Well, no matter how well you pack things, something will break, so be
prepared. But you can prevent the smithereens syndrome. :-)
General rule: pack the model in a box which you pack in a larger box. Or
several boxes within a larger box. Use plenty of bubble wrap and/or
styrene popcorn and/or tissue paper. You can use newspapers to cushion
the boxes inside a larger box, but avoid it for cushioning rolling stock
and structures directly. To be effective, newsprint has to be packed
quite tightly, which is not good for delicate details. The principle is
that the model is well braced inside its own box, and that these boxes
are well cushioned inside the larger box. A model that can move around
inside its box will do so, and when it hits the side of the box, parts
of it may break. But if the box it's in is cushioned, then that
cushioning will absorb the shock slowly, so that breakage is almost
To pack a structure: Find a box that is larger than your structure in
all directions, use a combination of bubble-wrap, tissue, pop corn, and
box-board braces to pack the structure so that it doesn't move. Then
find a box that's bigger than this box, and pack bubble pack or
styrofoam popcorn all round the smaller box. You can obviously put
several structure boxes inside a much larger box. Avoid packing a number
of structures in one box - delicate details will certainly break if you
do that. OTOH, if there are no delicate details, it's usually possible
to pack two or more models in one box, just use an extra layer of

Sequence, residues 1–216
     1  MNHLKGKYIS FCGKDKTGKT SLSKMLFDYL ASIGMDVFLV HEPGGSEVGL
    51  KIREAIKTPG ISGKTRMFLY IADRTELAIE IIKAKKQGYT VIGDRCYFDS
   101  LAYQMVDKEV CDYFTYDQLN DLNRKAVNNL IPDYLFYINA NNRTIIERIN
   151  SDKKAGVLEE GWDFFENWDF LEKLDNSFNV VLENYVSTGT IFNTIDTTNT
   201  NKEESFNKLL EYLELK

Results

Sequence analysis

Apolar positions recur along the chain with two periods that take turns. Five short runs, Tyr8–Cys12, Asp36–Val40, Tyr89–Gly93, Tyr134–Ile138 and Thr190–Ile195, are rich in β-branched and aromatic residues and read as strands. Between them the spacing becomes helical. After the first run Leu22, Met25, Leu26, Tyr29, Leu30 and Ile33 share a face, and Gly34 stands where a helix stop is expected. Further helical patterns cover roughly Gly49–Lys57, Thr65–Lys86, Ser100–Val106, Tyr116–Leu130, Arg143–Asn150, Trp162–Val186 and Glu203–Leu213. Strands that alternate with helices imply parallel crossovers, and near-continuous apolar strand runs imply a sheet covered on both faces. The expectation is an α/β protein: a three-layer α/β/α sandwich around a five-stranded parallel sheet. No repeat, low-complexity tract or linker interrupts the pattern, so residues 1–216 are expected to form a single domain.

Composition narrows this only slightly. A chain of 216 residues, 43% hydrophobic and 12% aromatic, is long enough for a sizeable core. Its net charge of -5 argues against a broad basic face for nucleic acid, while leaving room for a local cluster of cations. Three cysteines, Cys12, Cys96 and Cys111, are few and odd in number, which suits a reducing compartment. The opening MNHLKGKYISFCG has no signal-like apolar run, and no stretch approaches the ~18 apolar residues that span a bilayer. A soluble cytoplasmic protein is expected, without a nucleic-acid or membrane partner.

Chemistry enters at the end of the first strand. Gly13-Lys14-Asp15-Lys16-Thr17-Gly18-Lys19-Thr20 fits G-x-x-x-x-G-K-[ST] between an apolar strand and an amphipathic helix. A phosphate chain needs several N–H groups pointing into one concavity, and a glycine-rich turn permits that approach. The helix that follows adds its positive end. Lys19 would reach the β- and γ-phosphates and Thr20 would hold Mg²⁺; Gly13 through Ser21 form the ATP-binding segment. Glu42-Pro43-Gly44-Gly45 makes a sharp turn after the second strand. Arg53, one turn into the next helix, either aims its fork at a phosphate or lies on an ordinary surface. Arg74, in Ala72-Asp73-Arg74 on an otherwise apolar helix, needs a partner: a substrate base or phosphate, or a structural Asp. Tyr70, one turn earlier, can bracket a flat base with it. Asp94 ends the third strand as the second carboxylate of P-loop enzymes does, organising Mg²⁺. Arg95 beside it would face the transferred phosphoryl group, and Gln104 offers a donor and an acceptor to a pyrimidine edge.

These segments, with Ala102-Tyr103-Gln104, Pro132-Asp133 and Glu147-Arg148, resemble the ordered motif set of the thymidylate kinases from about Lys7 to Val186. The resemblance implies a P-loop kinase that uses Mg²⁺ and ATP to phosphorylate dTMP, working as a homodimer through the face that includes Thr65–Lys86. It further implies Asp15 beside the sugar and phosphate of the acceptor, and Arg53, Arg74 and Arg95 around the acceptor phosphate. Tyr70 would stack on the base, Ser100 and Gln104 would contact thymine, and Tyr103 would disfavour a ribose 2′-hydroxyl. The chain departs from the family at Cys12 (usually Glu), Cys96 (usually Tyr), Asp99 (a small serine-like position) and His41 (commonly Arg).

bubble-wrap. The one-box per structure method reduces the chances of
detail breakage to about 10 - 30%, still not good, but better than
Pack removable detail parts separately, and label both the main box and
the detail parts box, else you will spend far too much time looking.
In article T2Xye.7098$ email@example.com, Wolf Kirchmeir at
firstname.lastname@example.org wrote on 7/6/05 16:23:
You could also, when packing your models, both rolling stock and structures,
use "ghost poop" (foam packing peanuts) to cushion the item within the box.
These can be bought at places like Staples, Office Max or Office Depot, or
if you're lucky, can be scrounged free of charge.
Good, better, best; never let it rest, until your good is better and your
better is best. (Billy Cox)
If you can, put each building into a plastic bag. This way, if parts fall
off you will know which building they belong to. Then put it in the box.
A way to stuff the box without much weight or pressure of the peanuts is to
use the long type of baloons slightly inflated and pack them around the
buildings. (I just thought of this. Wish I had thought of it when I moved.)
wrote on 7/6/05 16:23:
If you're having this professionally moved, something to consider is how
they load the truck. On our last move we had many boxes that were crushed.
We packed things like lampshades in big boxes with paper padding all around
for cushion. It didn't matter. They loaded the truck to the roof. If that
box was near the bottom of a stack of boxes, then it was crushed. Even a
few boxes marked FRAGILE were partially crushed because they were in the
middle of a stack. All our heavy items that were packed in strong boxes
made it through just fine.
So even if you are packing something light, use a STURDY box if you don't
want it crushed. We had our most fragile items packed by the movers. They
used crumpled newspaper for padding, and a lot of crush space around each
If you have built up buildings, put them in a plastic bag first. This way if
something falls off, you will know what building it belongs to.
If you have it, use bubble wrap around the plastic bags when you put the
buildings into a box. Don't over pack the boxes with models.
If you have the plastic office storage carts, take the wheels off. Movers
are not all that careing about how they stack stuff. My carts that I told
them must stay upright were horizontal when the truck was unpacked. (lots of
Polytechforum.com is a website by engineers for engineers. It is not affiliated with any of manufacturers or vendors discussed here.
All logos and trade names are the property of their respective owners.